The Hot Bay at Bibb has since been closed.
DOJ found that ADOC was unable to protect prisoners who gave advance warning that their safety was in jeopardy. The report lists multiple examples where prisoners who sought help were murdered.
In February 2018, a prisoner was killed at Bullock—one day after expressing concern for his safety to prison officials. On the day prior to his death, the prisoner entered the Shift Commander’s office and informed officials that he had been threatened over a cellphone that another prisoner had stolen while he was guarding it. The prisoner said that he had been “slapped a few times” for nonpayment related to the missing cellphone, and was afraid. The autopsy classified his death as a homicide by blunt force head trauma that caused intracranial bleeding, as well as hemorrhages in the brain stem.
DOJ also found that ADOC punishes some prisoners who report threats or are victims.
“In some cases, it appears that ADOC disciplines prisoners simply for refusing to name the individuals who they fear may harm them, which requires the prisoner to choose between discipline and the danger he may face from retaliation if he identifies his assailant," the report stated.
The report goes into detail about how prisoners and their families are being extorted by other prisoners, who target the family members of prisoners that owe drug or money debts, demanding that they send money or they will inflict physical or sexual violence on their loved one.
ADOC’s own incident reports also document sexual abuse “occurring in the dormitories, cells, recreation areas, the infirmary, bathrooms and showers at all hours of the day and night," the report said. The DOJ investigation found ADOC’s investigations into sex abuse are inadequate.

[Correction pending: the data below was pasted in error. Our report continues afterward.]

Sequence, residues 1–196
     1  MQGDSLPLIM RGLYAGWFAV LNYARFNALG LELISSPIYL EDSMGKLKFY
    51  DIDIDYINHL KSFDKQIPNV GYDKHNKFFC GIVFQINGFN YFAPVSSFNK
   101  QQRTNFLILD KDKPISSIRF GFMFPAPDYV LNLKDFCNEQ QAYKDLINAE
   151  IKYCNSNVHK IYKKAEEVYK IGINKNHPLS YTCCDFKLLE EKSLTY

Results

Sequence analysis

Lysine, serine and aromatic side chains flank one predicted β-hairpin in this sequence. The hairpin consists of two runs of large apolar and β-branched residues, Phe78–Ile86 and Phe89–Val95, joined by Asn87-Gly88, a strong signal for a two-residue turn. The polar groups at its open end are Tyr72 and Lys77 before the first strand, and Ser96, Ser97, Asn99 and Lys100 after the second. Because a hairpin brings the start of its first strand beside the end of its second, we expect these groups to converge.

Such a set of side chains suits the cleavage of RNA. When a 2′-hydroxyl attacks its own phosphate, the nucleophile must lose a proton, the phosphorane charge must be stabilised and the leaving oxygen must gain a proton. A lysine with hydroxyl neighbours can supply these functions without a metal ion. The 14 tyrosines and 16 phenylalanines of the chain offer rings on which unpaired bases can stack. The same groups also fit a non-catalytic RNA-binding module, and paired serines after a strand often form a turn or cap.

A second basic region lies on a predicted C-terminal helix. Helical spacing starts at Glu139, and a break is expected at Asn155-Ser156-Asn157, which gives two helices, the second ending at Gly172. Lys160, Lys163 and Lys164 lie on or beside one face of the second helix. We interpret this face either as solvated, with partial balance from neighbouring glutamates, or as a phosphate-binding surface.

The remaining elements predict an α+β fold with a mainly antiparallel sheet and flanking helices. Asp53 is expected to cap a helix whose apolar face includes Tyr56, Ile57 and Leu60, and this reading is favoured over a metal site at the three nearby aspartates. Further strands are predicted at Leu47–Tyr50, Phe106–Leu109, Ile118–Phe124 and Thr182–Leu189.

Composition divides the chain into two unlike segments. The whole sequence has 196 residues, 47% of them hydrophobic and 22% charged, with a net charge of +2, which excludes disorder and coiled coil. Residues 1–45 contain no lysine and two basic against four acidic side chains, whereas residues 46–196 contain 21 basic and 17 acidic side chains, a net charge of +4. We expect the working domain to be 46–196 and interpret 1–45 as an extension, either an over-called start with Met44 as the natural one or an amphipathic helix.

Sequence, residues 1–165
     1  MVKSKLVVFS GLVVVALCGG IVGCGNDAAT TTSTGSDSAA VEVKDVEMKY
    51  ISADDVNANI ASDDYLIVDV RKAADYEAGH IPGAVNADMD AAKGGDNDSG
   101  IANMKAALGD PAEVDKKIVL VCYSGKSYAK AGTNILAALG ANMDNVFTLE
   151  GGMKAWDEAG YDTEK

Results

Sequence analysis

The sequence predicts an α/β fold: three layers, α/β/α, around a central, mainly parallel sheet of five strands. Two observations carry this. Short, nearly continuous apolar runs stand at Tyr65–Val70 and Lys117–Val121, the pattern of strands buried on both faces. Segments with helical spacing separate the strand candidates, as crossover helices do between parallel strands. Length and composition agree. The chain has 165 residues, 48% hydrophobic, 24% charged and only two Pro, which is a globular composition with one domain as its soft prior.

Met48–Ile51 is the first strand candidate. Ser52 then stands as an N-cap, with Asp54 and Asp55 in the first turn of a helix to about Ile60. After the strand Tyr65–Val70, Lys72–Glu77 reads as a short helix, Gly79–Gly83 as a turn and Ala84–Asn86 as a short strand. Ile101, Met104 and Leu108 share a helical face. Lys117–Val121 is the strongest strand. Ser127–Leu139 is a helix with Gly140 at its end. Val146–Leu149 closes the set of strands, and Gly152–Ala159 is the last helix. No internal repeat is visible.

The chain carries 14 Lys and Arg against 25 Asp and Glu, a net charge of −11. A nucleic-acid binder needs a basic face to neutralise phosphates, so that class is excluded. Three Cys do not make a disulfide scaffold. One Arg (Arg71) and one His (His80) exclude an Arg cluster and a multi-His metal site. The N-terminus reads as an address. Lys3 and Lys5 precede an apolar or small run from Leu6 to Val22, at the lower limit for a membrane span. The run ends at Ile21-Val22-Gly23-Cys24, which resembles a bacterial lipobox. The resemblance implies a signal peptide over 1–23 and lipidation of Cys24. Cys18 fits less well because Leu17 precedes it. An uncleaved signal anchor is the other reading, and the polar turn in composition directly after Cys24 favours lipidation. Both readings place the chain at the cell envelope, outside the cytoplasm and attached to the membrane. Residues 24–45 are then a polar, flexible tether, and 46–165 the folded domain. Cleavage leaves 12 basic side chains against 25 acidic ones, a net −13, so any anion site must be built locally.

The investigation also found the deplorable conditions of some facilities create a hazard, including broken locks, insufficient cameras, deteriorating electrical and plumbing systems and structural design weaknesses. The report suggests some easy fixes that ADOC has not implemented, like adding more mirrors or removing visibility barriers that conceal prisoner activity. A February 2017 inspection noted that not a single facility has a working fire alarm.
All of these factors, taken together, amount to “a high level of violence that is too common, cruel, of an unusual nature, and pervasive,” the report stated.
ADOC is the midst of litigation over its failure to provide adequate mental health care to people in its custody. This week, U.S. District Judge Myron Thompson is holding a trial on how to address ongoing suicides in ADOC. 15 people have committed suicide in Alabama prisons in the last 15 months.
Maria Morris, senior supervising attorney for Southern Poverty Law Center (SPLC) represents the prisoners with mental illness. She pointed out that 95% of people in ADOC will return to society at some point, so solving Alabama’s prison crisis is in everyone’s interest.
“People make mistakes, people do bad things, but we still are human,” said Morris. “If we have systematically dehumanized them for the years they spent in the department of corrections, what are we doing for the safety of our communities?”